It is important to me that Crown Cleaners provides great customer service, and I believe the path to customer satisfaction really begins with finding (and keeping) quality employees. Unfortunately, dry cleaning is an industry that often has high employee turnover, but I do what I can to attract ideal employees. For example, starting pay at Crown Cleaners is well above minimum wage and more than our competitors offer. I provide good benefits, including life insurance at no cost to employees, six paid holidays each year, three annual “family days” (days when Crown closes – such as Good Friday – so employees can be with their loved ones), and a pension plan that matches employee investments dollar for dollar. I also try to create a pleasant work environment, and the company buys lunch for all employees every month.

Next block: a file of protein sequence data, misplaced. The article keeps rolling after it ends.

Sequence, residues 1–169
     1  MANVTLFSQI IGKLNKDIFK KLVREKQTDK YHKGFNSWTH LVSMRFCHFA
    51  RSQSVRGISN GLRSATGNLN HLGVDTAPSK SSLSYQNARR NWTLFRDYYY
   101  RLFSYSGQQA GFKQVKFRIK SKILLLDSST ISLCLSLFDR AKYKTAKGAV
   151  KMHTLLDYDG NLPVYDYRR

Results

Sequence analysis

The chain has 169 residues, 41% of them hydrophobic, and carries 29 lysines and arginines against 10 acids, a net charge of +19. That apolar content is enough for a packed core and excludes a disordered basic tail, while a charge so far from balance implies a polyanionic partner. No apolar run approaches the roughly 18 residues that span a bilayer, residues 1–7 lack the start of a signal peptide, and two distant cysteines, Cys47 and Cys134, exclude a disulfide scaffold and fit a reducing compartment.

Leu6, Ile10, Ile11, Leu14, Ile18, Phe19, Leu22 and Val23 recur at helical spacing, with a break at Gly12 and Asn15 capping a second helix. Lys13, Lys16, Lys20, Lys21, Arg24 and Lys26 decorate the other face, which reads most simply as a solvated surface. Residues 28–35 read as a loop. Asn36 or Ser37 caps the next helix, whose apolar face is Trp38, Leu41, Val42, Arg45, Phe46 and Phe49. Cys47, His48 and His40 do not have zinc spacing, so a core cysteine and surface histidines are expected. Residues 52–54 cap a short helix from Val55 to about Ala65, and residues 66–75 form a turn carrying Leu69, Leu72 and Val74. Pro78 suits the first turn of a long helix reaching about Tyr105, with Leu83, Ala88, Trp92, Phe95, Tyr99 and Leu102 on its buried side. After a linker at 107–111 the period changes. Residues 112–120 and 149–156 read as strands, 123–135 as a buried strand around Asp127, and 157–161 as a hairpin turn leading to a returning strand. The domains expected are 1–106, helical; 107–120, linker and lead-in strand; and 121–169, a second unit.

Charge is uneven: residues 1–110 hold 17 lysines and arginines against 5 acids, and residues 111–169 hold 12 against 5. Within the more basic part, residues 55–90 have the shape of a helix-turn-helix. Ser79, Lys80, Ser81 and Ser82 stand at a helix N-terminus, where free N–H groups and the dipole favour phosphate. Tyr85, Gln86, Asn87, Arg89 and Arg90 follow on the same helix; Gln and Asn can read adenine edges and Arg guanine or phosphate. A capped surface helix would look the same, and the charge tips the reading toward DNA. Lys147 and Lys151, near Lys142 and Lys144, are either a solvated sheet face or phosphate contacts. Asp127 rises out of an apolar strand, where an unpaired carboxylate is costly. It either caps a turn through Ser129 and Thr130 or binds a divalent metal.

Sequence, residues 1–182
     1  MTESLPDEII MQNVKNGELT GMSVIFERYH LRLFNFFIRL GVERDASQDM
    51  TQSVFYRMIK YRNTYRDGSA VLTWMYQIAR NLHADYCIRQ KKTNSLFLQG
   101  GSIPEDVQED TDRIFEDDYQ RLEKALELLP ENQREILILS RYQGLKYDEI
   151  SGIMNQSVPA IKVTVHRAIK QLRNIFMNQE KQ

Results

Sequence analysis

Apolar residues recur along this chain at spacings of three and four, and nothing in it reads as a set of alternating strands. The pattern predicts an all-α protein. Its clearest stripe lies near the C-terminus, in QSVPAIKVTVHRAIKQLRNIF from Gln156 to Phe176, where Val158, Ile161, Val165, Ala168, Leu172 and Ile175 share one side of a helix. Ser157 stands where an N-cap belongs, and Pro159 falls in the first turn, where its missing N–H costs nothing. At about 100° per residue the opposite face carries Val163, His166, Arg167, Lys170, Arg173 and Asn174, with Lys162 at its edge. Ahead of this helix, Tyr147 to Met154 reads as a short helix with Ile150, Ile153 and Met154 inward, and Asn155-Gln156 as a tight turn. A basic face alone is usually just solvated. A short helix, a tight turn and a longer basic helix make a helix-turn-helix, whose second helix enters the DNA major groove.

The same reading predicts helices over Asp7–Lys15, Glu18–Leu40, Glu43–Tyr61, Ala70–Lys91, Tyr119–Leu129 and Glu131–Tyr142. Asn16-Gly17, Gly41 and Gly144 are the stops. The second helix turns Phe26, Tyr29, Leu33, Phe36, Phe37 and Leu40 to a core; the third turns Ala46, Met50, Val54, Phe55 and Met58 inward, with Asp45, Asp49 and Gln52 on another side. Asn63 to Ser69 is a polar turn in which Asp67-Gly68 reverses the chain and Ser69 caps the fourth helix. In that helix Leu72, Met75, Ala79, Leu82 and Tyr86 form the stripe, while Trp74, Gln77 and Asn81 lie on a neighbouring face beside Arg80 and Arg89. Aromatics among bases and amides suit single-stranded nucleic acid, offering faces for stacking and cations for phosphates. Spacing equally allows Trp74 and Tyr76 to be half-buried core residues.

I do these things because I care about my employees and my customers, and I hope they feel the same.

Unfortunately, all of the above doesn’t safeguard a small business owner from staffing concerns. My “right hand woman” unexpectedly left Crown for a slightly better paying job in another industry in August. I’d come to rely on her and had spent quite a bit of time and energy molding her for a career position, so it felt like a kick in the gut. It had me wondering if I’d made a mistake investing so much in her. I sought advice from a trusted consultant in the industry, who reassured me: quality employees are important for great customer service. From this experience, I’ve become a bit wiser about what makes a good employee and when development is appropriate. I’m happy to say I’ve found a great replacement for that particular position.

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